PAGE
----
A friend of mine who was working concessions that night later said that as the fan was hauled into the area behind the stands he pushed a cop, yelling “F*** YOU I PAID FOR THIS TRIP!”, to which the officer replied, “F*** you, you get to spend a night with us for free!”. I’m sure it wasn’t “free”, in the long run. I don’t know how he got home…
That night it was hard to tell who was the home team. So many fans made the trip from Ohio by bus, car, plane, and probably hitchhiking, that when Cincinnati scored, it sounded louder than the Cherokees fans.
The game went to an eventual shootout, which the Cyclones won. It was a raucous game from before the start to after the finish. Even though I was a die-hard Cherokees fan, I had a great deal of appreciation for the Cyclones and their dedicated fans.
Their logo was notorious for being considered the “ugliest in hockey”, with the scribbled twister behind a goalie’s back, wearing a Friday the 13th’s style mask, as his stick and pad made a cheesy looking “C” shape, with an oddly scripted “CYCLONES” below, and the goalie wearing the logo of himself in some sort of “Inception” style. Some thought it was worse that the 8-bit logo of the Toledo Storm…seriously.
Still, the logo endeared to the fans, myself included, and made an appearance in the 1993 movie Airborne, filmed in Cincinnati about a California rollerblading surfer kid trying to fit in with the local hockey kids. Two twin brothers who play minor characters in the movie wear the Cyclones Jersey almost the entire time throughout. This film might be more notable for Seth Green and Jack Black being featured. You can see them (and the jerseys) in the trailer below:
In 1995 the logo was changed to the one I am wearing. I found the jersey in a sporting goods store here in Knoxville. It was cartoonish, but still, I thought it looked just as good as the old “C”-shaped goalie logo. It’s on the shoulder pads, albeit with a more modern facemask. I’ve worn it several times to games, and once when visiting the Predators. There’s always a Cincinnati fan who comes up to me no matter where I go with it and remarks about the team.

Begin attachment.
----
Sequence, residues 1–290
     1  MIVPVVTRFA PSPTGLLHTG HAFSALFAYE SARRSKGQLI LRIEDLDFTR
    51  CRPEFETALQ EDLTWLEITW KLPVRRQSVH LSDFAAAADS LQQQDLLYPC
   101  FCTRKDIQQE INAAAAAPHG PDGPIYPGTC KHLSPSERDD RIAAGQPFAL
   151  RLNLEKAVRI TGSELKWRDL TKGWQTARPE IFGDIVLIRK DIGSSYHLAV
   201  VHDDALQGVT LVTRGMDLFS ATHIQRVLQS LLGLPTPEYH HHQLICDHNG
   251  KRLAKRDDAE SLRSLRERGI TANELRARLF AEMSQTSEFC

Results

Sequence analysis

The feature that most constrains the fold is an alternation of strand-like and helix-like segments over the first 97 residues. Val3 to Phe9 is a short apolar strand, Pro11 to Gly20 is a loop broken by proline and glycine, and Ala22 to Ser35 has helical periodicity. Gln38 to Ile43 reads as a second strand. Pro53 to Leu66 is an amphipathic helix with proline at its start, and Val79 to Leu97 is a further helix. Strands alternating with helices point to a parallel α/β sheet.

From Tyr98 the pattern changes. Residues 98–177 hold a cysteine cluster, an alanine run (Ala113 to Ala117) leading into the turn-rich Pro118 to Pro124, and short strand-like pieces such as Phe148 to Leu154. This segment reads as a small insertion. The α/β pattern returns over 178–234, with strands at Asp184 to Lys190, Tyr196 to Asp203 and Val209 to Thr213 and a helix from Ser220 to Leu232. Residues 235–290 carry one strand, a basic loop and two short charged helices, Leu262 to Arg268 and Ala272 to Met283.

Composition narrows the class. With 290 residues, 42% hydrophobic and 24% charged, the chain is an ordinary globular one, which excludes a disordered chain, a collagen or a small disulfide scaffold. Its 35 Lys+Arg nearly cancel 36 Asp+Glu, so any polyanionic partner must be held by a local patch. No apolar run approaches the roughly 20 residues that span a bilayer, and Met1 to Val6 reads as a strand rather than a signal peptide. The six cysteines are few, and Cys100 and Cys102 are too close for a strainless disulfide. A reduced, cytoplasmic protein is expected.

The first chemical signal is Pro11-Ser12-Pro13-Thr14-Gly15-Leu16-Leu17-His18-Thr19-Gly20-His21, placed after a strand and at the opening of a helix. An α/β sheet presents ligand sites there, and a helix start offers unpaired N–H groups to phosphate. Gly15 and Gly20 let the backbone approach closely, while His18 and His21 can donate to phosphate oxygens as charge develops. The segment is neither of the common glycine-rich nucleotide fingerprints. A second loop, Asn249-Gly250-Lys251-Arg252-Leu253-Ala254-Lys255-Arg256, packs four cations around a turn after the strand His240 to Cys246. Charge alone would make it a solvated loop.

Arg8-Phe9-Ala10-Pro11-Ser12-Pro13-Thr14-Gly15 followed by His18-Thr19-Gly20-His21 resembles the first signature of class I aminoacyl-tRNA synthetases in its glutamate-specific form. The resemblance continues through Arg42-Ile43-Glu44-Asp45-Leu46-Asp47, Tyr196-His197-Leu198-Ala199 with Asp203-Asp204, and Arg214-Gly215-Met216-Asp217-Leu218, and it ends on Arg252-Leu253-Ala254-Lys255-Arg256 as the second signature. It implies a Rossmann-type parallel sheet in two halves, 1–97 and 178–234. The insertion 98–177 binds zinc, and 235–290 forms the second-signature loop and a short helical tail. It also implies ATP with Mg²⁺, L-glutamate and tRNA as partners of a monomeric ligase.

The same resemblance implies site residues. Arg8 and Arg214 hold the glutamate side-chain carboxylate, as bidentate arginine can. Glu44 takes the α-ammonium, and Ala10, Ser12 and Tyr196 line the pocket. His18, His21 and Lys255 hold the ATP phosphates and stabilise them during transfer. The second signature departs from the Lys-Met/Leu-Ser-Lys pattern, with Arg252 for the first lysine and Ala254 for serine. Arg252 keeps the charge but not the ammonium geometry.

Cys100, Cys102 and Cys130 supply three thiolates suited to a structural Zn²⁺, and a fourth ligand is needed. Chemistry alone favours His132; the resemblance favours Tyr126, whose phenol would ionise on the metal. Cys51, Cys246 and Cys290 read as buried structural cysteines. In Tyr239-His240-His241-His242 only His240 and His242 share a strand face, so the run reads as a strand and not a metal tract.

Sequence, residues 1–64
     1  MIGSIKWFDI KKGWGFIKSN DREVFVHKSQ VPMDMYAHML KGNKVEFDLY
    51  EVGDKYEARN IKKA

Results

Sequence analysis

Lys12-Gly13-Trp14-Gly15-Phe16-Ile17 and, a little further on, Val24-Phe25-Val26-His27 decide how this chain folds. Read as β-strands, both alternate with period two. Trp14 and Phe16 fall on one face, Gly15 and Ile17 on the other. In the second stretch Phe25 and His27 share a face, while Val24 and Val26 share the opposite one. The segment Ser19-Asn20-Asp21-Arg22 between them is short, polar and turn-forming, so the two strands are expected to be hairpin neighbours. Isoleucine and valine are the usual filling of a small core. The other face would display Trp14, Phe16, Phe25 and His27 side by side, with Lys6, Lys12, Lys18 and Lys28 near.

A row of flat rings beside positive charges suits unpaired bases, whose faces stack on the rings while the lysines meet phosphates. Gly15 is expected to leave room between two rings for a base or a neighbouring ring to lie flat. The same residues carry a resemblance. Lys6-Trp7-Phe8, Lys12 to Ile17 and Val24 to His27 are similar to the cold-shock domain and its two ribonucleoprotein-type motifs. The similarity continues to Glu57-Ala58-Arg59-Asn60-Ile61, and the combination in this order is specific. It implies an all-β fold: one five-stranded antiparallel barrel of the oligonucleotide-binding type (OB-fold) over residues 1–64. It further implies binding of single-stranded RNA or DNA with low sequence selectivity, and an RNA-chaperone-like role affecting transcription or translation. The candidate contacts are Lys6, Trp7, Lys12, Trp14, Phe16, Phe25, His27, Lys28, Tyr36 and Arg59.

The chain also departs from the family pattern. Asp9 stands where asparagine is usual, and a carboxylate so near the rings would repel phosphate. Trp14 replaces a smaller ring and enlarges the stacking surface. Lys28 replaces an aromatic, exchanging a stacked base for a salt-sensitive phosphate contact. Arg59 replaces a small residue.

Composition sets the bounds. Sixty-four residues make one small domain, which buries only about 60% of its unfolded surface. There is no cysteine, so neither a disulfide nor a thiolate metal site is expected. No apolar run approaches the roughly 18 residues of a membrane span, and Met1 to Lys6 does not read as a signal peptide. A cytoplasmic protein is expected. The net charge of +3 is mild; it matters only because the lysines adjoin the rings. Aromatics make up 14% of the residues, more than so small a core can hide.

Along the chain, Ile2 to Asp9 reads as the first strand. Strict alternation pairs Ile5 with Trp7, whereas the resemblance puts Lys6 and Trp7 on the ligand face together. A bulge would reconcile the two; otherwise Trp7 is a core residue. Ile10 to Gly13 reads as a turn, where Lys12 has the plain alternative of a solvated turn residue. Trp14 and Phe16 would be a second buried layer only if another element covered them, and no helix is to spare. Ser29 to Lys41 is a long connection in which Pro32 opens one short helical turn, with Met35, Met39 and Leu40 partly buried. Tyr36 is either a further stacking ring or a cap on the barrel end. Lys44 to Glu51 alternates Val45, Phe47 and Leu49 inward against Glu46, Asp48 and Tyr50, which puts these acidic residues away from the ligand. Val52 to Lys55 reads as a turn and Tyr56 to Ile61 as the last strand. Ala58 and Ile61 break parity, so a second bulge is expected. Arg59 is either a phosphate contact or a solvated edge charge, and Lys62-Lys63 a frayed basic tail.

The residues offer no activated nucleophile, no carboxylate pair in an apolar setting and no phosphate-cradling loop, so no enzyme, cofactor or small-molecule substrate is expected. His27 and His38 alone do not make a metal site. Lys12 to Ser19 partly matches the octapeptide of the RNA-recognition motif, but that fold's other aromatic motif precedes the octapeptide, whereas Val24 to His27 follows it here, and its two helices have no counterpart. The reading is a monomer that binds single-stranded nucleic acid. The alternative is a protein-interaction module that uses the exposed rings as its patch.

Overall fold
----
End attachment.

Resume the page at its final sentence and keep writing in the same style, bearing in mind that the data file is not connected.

I used to be able to listen to Cyclones IHL broadcasts on AM clear channel radio direct from Cincinnati on WCKY 1530. I was envious of their fan base and became a distant fan, despite having no ties to Cincinnati other than being born in nearby Dayton.
Over the years I have followed them off and on and wondered how things might have been between Knoxville and Cincinnati had the Cyclones stayed in the ECHL, or had Knoxville stayed. It was a Knoxville businessman that started the Cyclones after all, and a great rivalry was getting started before they “graduated” to AAA hockey.
Last year, the Cyclones ditched the “Twister” logo for something more minimalist. It looks more like the Carolina Hurricanes logo, yet they are affiliated with the Nashville Predators, now. It’s received mixed reaction.
Their recent trip into the ECHL is just starting to revive the glory days of when they barreled into the ECHL like a…some kind of a wind that swirls…the attendance numbers were lower than some of the Ice Bears’ numbers back in the mid-2000’s when they re-entered the ECHL. I’m not sure why, other than possible competition with the now-defunct AHL Cincinnati Mighty Ducks or something political, I really can’t say. However, winning two championships might have warmed the Queen City’s faithful back on board, slowly but surely.
Despite not having ever attended a game in Cincinnati (every time I’m up in the area they’re not playing, or playing on the road) I have become a fan of the team and hope to one day make a trip to see them. Then I can wear this jersey to one of their games. Until then, at least, this jersey is not for sale.
Tomorrow: NHL time!